On one point of language, I can respond to Professor Bayly. In The Colonial Bastille, Peter Zinoman has mentioned the different treatment accorded to male political prisoners and their own self-image as superior to the common criminals who shared their prison (but not necessarily their cells). As a young woman of ‘good family’, Bao Luong was treated with deference by the Vietnamese prison staff who called her ‘Miss’ rather than by one of the many derogatory terms used to address low status individuals. But then, her French interrogators also called her ‘mademoiselle’ even as they beat her until she fainted. Other political prisoners – my father included – reported similar deferential treatment from Vietnamese prison wardens. Bao Luong considered herself above her fellow inmates, who ranged from women who owed money or had been accused of petty crimes to hardened, violent criminals. They all seemed to have been illiterate and rather in awe of her. She also seems to have stood her ground in confrontations with the French prison authorities. At least, this is how she wants to be remembered: defiant to the last, as her mug shot shows her.

This leads me to the issues of memory and self-narration. Eager though I was to make available this primary document, I also wanted to alert readers to the pitfalls involved in using memoirs to write history. Bao Luong wrote her memoirs a full 40 years after she left home to take part in the anti-colonial movement. Not only would her memory of specific incidents, names and conversations have become fuzzy, but her interpretation of what happened and her own role in it would have been colored by subsequent events in her own life and in the life of her country. Why did she choose not to reveal where she was and what she did on the day of the murder? How much did she know about informers within the ranks of the Revolutionary Youth League and about the tensions surrounding the formation of a communist party? She obviously knew, or at least guessed, the identity of the person who had betrayed her and her friends to the police, but she refused to divulge it. One can only speculate about  her reasons for maintaining silence to the very end of her days.

As I worked on the book, I was struck by a recurring theme in Vietnamese memoirs. Vietnamese are rather cavalier about certain biographical facts that are important to Western scholars, such as exact birth dates, the dates of their marriage (and the name of their spouse) and even the number of their siblings. It is difficult, reading these memoirs, to gauge the importance of family dynamics to the formation of an individual’s personality. Freud is absent from  the telling of lives by Vietnamese.

Professor Bayly comments about the collective production of memory are entirely correct. As I said in my introduction, however, Bao Luong’s involvement in the crime on Barbier Street was not a topic of family reminiscence. Family gatherings tended to bring out memories of happy, uneventful girlhoods. While  familial recollections of unproblematic childhoods bathed the shared past in a nostalgic haze, Bao Luong’s memoirs show the precariousness and brutality of rural life in colonial Vietnam, just as they provide a counterpoint to the sanitized records of the Sûreté. But if neither freely produced familial recollections nor coerced confessions are entirely reliable, neither are memoirs.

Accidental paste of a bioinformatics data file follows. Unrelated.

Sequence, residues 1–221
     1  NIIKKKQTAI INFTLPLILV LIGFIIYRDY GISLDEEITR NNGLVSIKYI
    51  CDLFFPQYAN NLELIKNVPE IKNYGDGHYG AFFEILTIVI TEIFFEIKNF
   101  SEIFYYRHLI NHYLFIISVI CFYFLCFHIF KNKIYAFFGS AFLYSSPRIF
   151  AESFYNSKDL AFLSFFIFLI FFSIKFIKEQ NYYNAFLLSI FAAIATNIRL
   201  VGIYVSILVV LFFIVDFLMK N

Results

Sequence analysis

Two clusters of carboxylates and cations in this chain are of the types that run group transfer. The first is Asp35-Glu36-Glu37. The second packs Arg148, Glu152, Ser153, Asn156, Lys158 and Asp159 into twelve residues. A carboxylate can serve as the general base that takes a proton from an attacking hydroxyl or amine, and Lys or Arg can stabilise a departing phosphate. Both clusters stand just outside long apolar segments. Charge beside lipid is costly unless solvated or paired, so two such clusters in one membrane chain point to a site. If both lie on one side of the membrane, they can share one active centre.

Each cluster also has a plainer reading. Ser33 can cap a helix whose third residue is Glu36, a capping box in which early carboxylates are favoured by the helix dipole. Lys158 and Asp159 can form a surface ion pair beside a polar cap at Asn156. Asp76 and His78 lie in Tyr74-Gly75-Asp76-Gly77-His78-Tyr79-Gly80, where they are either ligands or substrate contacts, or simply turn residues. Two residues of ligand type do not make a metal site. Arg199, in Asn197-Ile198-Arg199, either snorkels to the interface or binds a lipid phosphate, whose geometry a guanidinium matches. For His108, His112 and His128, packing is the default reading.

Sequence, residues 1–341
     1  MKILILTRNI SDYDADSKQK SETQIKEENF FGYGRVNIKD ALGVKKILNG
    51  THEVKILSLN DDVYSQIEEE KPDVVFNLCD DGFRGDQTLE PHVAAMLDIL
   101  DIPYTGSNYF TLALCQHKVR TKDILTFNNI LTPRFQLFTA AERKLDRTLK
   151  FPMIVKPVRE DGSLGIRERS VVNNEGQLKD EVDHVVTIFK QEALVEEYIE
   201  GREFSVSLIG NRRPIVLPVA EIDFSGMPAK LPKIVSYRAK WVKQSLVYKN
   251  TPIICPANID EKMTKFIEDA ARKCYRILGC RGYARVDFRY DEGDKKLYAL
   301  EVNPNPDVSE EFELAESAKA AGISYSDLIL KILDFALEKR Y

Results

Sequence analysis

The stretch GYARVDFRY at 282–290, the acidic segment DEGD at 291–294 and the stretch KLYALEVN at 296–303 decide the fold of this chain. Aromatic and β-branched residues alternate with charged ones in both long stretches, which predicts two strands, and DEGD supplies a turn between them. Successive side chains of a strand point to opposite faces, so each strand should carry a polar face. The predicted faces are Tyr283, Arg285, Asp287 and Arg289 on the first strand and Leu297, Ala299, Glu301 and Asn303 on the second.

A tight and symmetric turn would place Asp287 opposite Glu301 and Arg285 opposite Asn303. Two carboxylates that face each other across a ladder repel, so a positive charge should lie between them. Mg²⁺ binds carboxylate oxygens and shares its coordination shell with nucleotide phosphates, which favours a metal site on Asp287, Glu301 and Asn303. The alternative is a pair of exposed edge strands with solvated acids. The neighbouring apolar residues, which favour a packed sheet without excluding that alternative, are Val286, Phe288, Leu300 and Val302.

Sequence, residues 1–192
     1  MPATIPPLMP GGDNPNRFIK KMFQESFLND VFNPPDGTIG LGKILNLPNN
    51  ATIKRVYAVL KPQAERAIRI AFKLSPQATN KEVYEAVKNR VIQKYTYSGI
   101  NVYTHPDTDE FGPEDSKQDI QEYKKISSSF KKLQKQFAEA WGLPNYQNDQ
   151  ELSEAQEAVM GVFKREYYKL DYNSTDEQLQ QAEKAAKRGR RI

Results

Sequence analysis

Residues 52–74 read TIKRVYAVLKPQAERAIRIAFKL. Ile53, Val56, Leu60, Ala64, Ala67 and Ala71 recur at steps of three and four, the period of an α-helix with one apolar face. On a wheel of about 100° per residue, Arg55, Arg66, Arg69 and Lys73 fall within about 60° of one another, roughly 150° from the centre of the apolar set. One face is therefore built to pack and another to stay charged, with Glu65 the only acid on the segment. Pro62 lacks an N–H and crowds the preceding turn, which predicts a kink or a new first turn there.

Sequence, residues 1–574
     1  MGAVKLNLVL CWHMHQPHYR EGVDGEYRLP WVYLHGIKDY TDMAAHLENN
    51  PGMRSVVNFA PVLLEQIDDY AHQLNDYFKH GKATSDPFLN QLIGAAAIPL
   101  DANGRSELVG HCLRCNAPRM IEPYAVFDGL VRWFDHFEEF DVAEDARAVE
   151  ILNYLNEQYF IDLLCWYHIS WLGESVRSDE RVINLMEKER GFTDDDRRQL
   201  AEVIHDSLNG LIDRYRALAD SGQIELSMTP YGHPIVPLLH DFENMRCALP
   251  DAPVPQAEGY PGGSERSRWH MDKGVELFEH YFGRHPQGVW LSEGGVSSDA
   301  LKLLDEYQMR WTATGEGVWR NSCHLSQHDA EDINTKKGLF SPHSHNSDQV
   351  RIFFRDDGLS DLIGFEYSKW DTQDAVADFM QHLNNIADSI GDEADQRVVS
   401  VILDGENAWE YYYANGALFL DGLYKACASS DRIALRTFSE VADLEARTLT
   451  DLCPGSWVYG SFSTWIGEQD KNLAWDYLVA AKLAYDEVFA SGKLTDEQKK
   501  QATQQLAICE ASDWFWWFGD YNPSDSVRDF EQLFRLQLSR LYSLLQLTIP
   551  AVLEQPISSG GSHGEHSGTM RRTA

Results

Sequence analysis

In the 1971 introduction to the memoirs in serialized form, the newspaper Dan Chu Moi (New Democracy) suggested that she had been approached by young political activists to write an account of her involvement in a movement that predated the Communist Party. Her daughter told me that she was actually urged to do so by Communist activists whom she had met in prison and with whom she was still in contact. I am wholly unable to decide which of the two scenarios is correct. Having decided to write her memoirs, Bao Luong must have gauged carefully what she could say. It is noteworthy that the crime for which she paid so dearly was included in the serialized versions published in Saigon in 1967 and 1971, but totally expunged from the book published in Hanoi in 1996 under the innocuous title The Girl from the South. By then, she had been dead 20 years, but the past remained explosive.

My original goal was to make available some unpublished materials, provide inspiration for the preservation of family documents and stimulate further research into Vietnamese political and social history. I had not considered a comparative study of memoirs. Professor Bayly’s suggestion that the memoirs of Bao Luong can be usefully compared with those of authors from different societies is particularly welcome, and I thank her for making it. I hope that some enterprising graduate students will use her questions and suggestions as a springboard for their own forays into Vietnamese social history, memoirs, and memory.

Notes

  1. Emmanuel Le Roy Ladurie, Montaillou, village occitan (Paris, 1975).Back to (1)
  2. Carlo Ginzburg, The Cheese and the Worms: the Cosmos of a Sixteenth-Century Miller (Baltimore, MD, 1976).Back to (2)
  3. Laurel Ulrich, A Midwife’s Tale: The Life of Martha Ballard, Based on Her Diary, 1785-1812 (London, 1990).Back to (3)
  4. Peter Zinoman, ‘Reading revolutionary prison memoirs’ in The Country of Memory: Remaking the Past in Late Socialist Vietnam, ed. Hue-Tam Ho Tai (Berkeley, CA, 2001).Back to (4)
  5. Dang Thuy Tram, Last Night I Dreamed of Peace: The Diary of Dang Thuy Tram (New York, NY, 2008).Back to (5)
  6. Patrick Morlat, Le Crime de la rue Barbier: Saigon, 1928 (Paris, 2010).Back to (6)
  7. Peter Zinoman, The Colonial Bastille (Berkeley, CA, 2001).Back to (7)